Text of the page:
Carcinogens, monopolies, influence-peddling: Juul is a microcosm with everything wrong in the world

Juul just handed out $2 billion in dividends, making 1,500 employees into overnight millionaires; the cash came from Altria-Marlboro's 35%, $12.8 billion buyout of the company -- and everything about the story stinks. Read the rest

Santa Claus dies of a heart attack in front of room full of Russian children

Navigating the topic of death with a young child can be a difficult, traumatic experience for parents, especially if the topic is broached by the sudden loss of a loved one. Trying to explain death to a kid because they watched Santa Claus pass away right before their eyes? That's a higher level of awful.

According to The Moscow Times, a group of kindergarteners from Siberia were celebrating the season with a Christmas party, attended by Santa or rather, one of the jolly old fellow's Eastern European iterations, Ded Moroz. A bit of background: Ded Moroz, which translates as Father Frost, was originally celebrated/feared in pre-slavic lore as a wizard or a snow demon, and over the centuries became a central figure in the region's celebrations of the New Year and Christmas.

Anyway, back to the awful.

As part of a school play, Ded Moroz, played by 67-year-old Valery Titenko, danced his way across the stage, until he didn't. Dressed in Ded Moroz's long red, fur-fringed coat, Titenko suffered a heart attack and fell to the ground.

From the Moscow Times:

The group of kids apparently thought that Titenko’s fatal collapse was part of his skit and began giggling. A woman dressed as a clown who was also part of the skit noticed Titenko’s fall and rushed to help him.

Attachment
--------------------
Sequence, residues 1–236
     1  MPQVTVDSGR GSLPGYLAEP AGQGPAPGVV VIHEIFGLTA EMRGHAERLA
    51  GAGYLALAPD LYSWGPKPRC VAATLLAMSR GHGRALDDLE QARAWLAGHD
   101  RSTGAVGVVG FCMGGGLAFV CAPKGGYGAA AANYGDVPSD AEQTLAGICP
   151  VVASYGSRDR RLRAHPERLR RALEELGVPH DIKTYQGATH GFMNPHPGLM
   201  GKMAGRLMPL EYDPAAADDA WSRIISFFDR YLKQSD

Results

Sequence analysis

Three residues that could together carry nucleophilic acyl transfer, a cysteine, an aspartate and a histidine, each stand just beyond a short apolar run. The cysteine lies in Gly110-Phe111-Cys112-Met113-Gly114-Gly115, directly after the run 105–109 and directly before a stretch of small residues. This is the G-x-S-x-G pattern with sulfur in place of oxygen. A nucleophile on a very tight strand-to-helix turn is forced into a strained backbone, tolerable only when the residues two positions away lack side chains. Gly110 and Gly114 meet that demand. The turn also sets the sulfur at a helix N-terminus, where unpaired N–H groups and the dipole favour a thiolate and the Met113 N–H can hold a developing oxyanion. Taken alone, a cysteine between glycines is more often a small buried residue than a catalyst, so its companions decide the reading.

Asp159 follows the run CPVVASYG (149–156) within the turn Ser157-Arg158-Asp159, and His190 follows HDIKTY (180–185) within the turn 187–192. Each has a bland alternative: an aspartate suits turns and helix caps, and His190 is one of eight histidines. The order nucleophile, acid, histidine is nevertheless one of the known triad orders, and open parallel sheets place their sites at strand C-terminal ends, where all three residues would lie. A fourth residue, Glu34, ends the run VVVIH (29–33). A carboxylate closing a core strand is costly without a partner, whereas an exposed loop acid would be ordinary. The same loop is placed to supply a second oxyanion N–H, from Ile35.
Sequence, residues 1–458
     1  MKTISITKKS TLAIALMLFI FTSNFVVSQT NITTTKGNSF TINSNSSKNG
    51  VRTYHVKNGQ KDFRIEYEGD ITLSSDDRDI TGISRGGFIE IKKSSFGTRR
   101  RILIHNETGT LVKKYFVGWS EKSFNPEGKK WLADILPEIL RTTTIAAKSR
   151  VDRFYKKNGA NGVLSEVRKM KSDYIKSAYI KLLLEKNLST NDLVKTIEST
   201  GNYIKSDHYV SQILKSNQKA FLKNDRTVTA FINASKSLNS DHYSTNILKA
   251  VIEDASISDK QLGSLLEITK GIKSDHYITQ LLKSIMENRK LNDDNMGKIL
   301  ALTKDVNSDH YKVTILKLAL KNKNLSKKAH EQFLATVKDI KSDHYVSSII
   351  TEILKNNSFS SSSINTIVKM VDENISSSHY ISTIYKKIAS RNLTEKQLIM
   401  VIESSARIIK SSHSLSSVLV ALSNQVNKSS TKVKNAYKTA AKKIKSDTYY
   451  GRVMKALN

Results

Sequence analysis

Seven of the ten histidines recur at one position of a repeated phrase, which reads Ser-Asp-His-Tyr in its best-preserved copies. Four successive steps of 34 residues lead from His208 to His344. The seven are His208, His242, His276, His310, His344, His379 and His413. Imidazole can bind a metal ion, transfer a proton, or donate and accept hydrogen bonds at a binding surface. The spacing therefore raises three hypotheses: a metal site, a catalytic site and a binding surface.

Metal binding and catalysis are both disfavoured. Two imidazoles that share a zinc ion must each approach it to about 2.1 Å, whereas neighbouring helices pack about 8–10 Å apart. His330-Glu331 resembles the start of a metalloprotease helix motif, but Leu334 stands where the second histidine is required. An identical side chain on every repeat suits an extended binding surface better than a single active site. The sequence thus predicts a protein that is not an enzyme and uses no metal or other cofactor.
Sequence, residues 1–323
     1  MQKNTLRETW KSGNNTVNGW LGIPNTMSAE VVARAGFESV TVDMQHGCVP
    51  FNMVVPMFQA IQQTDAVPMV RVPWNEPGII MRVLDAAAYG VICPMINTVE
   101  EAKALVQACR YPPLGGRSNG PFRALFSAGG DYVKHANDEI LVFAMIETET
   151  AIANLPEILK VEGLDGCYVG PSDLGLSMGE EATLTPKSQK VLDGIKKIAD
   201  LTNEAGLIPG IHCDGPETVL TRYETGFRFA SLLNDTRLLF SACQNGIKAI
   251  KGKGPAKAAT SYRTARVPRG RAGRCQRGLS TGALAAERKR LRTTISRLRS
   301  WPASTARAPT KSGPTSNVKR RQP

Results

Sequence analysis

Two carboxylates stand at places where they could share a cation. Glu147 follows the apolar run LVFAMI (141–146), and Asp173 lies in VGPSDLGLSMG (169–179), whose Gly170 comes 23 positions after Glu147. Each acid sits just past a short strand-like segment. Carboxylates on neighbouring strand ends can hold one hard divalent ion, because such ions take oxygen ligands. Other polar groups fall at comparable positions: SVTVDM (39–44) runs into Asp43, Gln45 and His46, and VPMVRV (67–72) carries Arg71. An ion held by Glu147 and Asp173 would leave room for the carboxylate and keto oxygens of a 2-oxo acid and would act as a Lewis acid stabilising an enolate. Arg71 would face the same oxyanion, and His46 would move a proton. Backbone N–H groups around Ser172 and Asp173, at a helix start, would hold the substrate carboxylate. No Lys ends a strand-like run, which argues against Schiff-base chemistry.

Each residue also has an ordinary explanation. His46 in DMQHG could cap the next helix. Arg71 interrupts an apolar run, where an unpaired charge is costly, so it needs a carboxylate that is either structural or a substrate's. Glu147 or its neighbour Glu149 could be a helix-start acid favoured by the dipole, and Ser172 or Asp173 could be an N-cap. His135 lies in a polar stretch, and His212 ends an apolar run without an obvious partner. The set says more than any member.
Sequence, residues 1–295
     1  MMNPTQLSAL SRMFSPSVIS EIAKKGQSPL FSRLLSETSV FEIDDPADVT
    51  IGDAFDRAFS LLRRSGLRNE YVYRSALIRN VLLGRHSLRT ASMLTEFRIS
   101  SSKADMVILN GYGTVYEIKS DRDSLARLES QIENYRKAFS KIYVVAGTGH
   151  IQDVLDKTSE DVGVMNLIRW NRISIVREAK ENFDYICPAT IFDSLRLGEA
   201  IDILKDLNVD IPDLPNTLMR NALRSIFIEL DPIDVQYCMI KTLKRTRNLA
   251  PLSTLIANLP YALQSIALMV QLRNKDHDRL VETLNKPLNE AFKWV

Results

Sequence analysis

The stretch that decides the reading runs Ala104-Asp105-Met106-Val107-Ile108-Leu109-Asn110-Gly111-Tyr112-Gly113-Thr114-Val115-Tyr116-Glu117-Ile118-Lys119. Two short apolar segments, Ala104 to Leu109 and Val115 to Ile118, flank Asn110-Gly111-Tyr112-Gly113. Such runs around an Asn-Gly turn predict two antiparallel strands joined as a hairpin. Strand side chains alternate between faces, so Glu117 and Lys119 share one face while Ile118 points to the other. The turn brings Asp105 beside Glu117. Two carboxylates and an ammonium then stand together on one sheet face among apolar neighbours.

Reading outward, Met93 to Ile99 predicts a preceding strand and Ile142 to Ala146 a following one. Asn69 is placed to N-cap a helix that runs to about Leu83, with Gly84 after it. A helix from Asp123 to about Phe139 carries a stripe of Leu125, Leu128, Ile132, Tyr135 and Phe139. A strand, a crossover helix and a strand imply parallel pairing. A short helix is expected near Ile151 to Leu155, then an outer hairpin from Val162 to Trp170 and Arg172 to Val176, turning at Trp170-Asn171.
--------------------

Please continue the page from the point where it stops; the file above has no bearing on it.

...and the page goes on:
Titenko was rushed to the hospital but died before he could get there.

According to The Moscow Times, Titenko was aware of his poor health and had been feeling dreadful earlier in the day. Read the rest

Not all "screen time" is created equal

The debates about screen time and kids are really confused: the studies have contradictory findings, and the ones that find negative outcomes in kids who spend a lot of time on their screens struggle to figure out the cause-and-effect relationship (are depressed kids using screens more because that's how they get help, or do kids become depressed if they use their screen a lot?). Read the rest

One year later: kids smart-watches are still a privacy and security dumpster fire

A year ago, the Norwegian Consumer Council commissioned a study into kids' smart watches, finding that they were incredibly negligent when it came to security and incredible greedy when it came to surveillance: a deadly combination that meant that these devices were sucking up tons of sensitive data on kids' lives and then leaving it lying around for anyone to take. Read the rest

Kickstarting the Makerphone: an open-source hardware phone kit, programmable with python and Scratch

Circuitmess's fully funded Makerphone kickstarter is raising money to produce open source hardware smartphone kits to teach kids (and grownups) everything from soldering to programming. Read the rest